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Equitable Life

Volume 511: debated on Tuesday 8 June 2010

7. What steps his Department is taking in respect of payment of compensation to Equitable Life policyholders. (924)

9. What steps his Department is taking in respect of payment of compensation to Equitable Life policyholders. (926)

15. What steps his Department is taking in respect of payment of compensation to Equitable Life policyholders. (932)

The coalition Government have pledged to make fair and transparent payment to Equitable Life policyholders, through an independently designed payment scheme, for their relative loss as a result of regulatory failure. The Queen’s Speech announced the Government’s intention to introduce a Bill in the first Session of Parliament to enable payments to be made to Equitable Life policyholders. On the same day, the Government also announced that an independent commission would be established to design the payment scheme. These steps are a strong sign of the Government’s commitment to deliver on their pledge.

More than 60 of my constituents in New Forest East, and indeed even one of my own relatives, will be delighted to know that the Government intend to implement the recommendations of the ombudsman. Can he tell me when this is going to happen—and can he guarantee that the Independent Parliamentary Standards Authority will not be put in charge of making the payments?

I thank my hon. Friend for his question. The intention is that Sir John Chadwick’s report will reach its conclusion in mid-July; at the same time the independent commission will be established. We are making progress in this area—in contrast, I am afraid, to the dither and delay of our predecessors.

I am grateful to my hon. Friend for his previous answer, but he will be aware that many of us have had to put in place our own means of keeping constituents who have got caught up in Equitable informed of what is happening, so poor has been the Government communication programme. So will he say a little more about his plans to keep that group of people informed as the payment scheme goes through?

I suspect that one of the reasons why the previous Government were so poor in communicating progress was that there was very little progress to communicate. As I mentioned earlier, we are keen to ensure that there will be progress, that we have the independent commission in July, and that we will have the conclusions of Sir John Chadwick’s report; we intend to make progress there. I hope that we will have more information to give my hon. Friend in mid-July. This is a matter that has caused enormous anxiety for many people, and it is right that we keep people up to date with exactly what progress we are making.

I would like to follow up those questions on Equitable Life. Over 1 million policyholders were affected by the fact that the previous Government did not accept the ombudsman’s proposal that they be compensated. I am particularly worried that many people have died during the whole process; the previous Government was rather cynical in that respect. May I be assured that, through this process, we will ensure that people are compensated quickly? That needs to be done.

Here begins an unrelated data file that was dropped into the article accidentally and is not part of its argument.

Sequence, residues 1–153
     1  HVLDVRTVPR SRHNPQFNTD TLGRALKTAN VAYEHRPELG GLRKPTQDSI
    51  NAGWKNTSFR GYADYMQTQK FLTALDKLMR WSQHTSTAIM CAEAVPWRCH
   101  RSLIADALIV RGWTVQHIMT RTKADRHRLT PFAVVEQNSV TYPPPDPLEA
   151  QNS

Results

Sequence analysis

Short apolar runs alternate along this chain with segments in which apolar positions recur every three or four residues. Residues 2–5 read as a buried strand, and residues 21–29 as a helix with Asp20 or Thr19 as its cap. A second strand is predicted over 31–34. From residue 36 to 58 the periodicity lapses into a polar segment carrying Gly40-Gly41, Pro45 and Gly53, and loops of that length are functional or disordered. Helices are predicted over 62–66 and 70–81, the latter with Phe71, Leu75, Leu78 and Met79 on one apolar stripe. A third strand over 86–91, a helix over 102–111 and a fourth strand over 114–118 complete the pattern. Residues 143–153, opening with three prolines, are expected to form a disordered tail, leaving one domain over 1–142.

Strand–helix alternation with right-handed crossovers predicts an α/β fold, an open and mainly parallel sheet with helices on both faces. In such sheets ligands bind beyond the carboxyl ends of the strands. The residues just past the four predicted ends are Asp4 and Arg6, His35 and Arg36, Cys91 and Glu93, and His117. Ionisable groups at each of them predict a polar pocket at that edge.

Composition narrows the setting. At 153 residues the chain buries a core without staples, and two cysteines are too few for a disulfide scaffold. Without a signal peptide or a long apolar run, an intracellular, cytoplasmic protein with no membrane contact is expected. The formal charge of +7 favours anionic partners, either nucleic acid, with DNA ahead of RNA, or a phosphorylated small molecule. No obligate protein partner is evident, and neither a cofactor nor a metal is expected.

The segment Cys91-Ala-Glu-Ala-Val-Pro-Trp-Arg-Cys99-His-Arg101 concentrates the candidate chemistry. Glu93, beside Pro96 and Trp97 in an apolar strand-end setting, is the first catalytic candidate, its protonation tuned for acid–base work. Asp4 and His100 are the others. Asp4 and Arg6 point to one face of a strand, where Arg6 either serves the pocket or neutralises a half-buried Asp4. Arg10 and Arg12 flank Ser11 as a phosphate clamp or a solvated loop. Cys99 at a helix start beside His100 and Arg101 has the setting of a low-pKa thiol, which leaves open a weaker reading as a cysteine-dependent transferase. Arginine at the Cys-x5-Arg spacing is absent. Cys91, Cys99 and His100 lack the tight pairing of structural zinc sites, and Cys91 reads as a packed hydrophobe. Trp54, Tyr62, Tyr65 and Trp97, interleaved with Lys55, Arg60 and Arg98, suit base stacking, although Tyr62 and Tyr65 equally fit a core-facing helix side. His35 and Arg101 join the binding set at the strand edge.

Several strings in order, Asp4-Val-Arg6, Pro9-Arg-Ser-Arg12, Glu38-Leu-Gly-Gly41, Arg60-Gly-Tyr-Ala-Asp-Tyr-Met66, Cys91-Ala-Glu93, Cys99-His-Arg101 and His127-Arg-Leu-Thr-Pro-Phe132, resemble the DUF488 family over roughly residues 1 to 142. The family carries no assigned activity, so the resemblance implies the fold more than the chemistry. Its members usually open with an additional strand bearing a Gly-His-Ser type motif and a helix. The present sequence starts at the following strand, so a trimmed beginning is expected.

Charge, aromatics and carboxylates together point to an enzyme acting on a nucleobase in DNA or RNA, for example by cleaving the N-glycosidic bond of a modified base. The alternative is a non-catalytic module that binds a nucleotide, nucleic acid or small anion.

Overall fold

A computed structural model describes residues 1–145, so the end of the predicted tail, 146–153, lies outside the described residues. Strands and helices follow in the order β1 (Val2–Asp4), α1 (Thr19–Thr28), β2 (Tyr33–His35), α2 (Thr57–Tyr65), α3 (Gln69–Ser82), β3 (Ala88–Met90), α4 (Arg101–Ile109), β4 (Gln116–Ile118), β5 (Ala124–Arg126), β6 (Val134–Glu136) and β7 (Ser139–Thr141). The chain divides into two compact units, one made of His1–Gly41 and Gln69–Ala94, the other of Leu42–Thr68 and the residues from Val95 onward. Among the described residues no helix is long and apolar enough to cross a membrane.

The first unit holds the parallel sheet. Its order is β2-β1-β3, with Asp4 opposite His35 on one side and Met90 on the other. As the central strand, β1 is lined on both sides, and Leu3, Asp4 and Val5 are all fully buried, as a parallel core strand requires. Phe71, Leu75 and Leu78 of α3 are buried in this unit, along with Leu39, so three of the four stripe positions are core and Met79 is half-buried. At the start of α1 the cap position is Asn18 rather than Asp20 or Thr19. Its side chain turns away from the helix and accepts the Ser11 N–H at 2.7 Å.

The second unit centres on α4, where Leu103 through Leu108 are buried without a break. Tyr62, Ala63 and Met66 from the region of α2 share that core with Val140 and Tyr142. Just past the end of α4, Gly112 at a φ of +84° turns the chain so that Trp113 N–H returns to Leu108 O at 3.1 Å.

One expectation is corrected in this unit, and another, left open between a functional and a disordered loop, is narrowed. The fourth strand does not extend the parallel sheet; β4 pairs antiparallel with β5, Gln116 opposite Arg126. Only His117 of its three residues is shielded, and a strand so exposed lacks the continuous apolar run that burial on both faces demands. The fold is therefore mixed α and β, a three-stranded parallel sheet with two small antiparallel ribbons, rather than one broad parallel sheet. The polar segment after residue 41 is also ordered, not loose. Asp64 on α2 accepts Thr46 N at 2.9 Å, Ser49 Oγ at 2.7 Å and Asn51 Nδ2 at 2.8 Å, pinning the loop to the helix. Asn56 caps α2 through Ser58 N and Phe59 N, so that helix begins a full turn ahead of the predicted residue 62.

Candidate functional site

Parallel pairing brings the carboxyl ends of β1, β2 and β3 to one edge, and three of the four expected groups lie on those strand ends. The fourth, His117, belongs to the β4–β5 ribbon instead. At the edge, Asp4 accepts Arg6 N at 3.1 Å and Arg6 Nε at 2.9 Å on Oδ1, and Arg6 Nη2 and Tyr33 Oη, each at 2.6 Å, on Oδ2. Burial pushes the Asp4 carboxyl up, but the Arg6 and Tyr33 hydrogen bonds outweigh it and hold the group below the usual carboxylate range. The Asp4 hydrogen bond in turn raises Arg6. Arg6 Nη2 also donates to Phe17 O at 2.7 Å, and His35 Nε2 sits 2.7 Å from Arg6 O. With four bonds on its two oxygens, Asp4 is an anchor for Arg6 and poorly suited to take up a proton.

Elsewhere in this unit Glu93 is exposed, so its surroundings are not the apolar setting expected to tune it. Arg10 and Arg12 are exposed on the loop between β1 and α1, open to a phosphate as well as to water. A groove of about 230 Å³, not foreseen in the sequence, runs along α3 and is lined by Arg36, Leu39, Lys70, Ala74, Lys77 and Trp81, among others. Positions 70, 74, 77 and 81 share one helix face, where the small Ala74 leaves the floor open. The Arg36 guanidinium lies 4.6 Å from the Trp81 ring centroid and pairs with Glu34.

We are keen for the independent commission to design the scheme, but one of the points that we have made clear is that the dependants of deceased policyholders should be included in the scheme to address that point. Clearly, however, my hon. Friend highlights the need to move quickly, after 10 years of inadequate progress.

On the question of Equitable Life, there can be few constituencies that do not contain people who are waiting for payment or people who have died while waiting for payment. Is it not shocking that one of the main perpetrators of the Equitable Life fraud—for that is what it was—will, after last weekend, be able to take up a senior position in a financial institution? Can the Government re-examine what happened in that process, so that these people are not allowed to have senior financial positions in future?

I hope that the hon. Gentleman will understand that I am not going to be drawn on an individual case without all the information in front of me. He has made his point very clear.

First, would the Minister care to share with the House the date that the cheques will arrive through the doors of those who are still waiting for payment? That is the key. My second question is, as people have, tragically, died while the process has gone on and on, will there be compensation for the families that have missed out as well?

Order. To ask a second question was very cheeky on the part of an experienced Member, but I know that the Minister will not be tempted to follow suit.

I fully understand the hon. Gentleman’s concern about delays. He knows as well as I do where a lot of the blame for that lies. I made the point earlier that dependants of deceased policyholders should be included in the scheme. As for a specific date, the only thing I can say is that we are clearly making much more progress than the previous Government did.

Bearing in mind the fact that many of the policyholders are getting older—[Interruption]—surely it is vital that we get money into their hands as quickly as possible.

I do not want to be pedantic, but all of them are getting older. The hon. Gentleman rightly says that there is a need to move quickly. I think that we all feel that. I am pleased that the Government have already announced in the Queen’s Speech that there will be a Bill on this subject. We have already announced a date for the establishment of the scheme. We are making progress. That is a very welcome change from what we have seen in the previous 10 years.